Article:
Managers, Experts and Masturbating Monkeys

As I go through my everyday work life, I often get figuratively kicked it the nuts. If you're a guy, you already know that even a metaphorical kick to the groinal area can be very very painful. And this happens every time I have to deal with people at the workplace, who do no work.
No work at all.
I'm not talking about people who take multiple breaks for coffee, walks, smoking, blogging (*smirk*) and downloading Sarah Palin posters. Even the most compulsive break takers do some work. I'm talking about people who do NO work.

Many experts fall into this category as well. You know? Experts? The guys who have not done anything useful for at least the last 7.3 years. They are still basking in the long faded glory of this one product he designed using techniques that are outdated, that introduced features that are today routinely found on (or in) toilet bowls, and fulfilled a market need that can now be successfully addressed by Chinese made cigarette lighters. Some of these experts have actually not even done that one product, however long ago. These guys have just read up everything available on a a very narrow area, and avoid helping budding engineers by answering questions with incomprehensible blather like "Given the thermal geodynamics of the varying nature, if you're really interested in using the winged schema in your product spec, you should look at the drive architecture of the compounded spoilage in our last generation product."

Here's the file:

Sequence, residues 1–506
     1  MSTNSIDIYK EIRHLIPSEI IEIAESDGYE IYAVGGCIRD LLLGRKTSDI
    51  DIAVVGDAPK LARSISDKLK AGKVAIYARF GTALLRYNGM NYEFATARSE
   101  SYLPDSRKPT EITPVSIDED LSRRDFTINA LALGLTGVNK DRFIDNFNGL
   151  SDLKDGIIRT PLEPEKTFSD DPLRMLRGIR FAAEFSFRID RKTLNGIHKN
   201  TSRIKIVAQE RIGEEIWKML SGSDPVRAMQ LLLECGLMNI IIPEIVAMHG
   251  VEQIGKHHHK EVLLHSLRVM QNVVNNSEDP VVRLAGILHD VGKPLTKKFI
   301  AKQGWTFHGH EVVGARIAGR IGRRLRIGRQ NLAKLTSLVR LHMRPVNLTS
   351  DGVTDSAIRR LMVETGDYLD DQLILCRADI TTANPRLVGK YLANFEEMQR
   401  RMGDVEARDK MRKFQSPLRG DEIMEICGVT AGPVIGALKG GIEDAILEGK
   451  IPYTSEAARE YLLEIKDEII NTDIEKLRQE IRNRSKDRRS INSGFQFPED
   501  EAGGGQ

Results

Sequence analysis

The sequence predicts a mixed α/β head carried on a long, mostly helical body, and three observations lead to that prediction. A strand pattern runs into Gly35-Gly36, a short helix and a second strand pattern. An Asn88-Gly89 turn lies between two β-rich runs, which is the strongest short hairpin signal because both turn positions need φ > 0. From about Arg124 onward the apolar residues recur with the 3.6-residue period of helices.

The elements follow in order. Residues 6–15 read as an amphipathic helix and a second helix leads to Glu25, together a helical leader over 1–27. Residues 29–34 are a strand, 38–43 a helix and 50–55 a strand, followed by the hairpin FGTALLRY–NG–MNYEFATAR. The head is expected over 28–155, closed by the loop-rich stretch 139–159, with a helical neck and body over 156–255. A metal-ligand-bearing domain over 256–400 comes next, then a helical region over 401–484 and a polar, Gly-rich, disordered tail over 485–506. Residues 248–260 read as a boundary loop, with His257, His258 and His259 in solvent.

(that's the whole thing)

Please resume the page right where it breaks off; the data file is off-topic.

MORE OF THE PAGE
They never actually do anything except pretend to advice. They sit in on review meetings and ask irrelevant and inane questions so that they can get their name on another patent. And whenever I have to deal with one of these guys my scrotal contents cease to effortlessly swing about and commence to shrink violently into tiny pain points.

Obviously many senior managers, directors and presidents fall into this pain causing category. They are supposed to manage, direct or preside, but there's a bunch of these guys who do nothing but postpone decisions till only one option remains open. They play a sick version of "passing the parcel" whenever something actually lands on their table so that every request becomes intertwined with so many departments that nothing will get done. And if all else fails they will create a board or a committee or a task force and get their rocks off by reviewing actual work done by others Whenever I have to deal with one such management flunky, I feel like I just got kicked in the you-know-where with a steel toed boot. You could replace these kinds of managers with bald masturbating monkeys. Same effect as the erstwhile manager - a disgusting display of flailing arms and self pleasuring.

But the most magnitude of pain is caused not by Experts or Managers. That happens when I have to deal with Expert Managers.
People who used to be good at something as an engineer, line employee, or supervisor, and have now been unfortunately promoted to manager, but have refused to give up their expertise in one or many technical area. They not only want to retain their expertise, but they also want to continue to be seen as the big dick expert in whatever area they used to be the expert in. These guys continue review the tiniest detail, ask questions about the most irrelevant aspects, and sometimes even take over interesting assignments to execute themselves. They impede the progress of projects and development of their staff, and are the worst possible kind of expert and the most ineffective manager that you can find.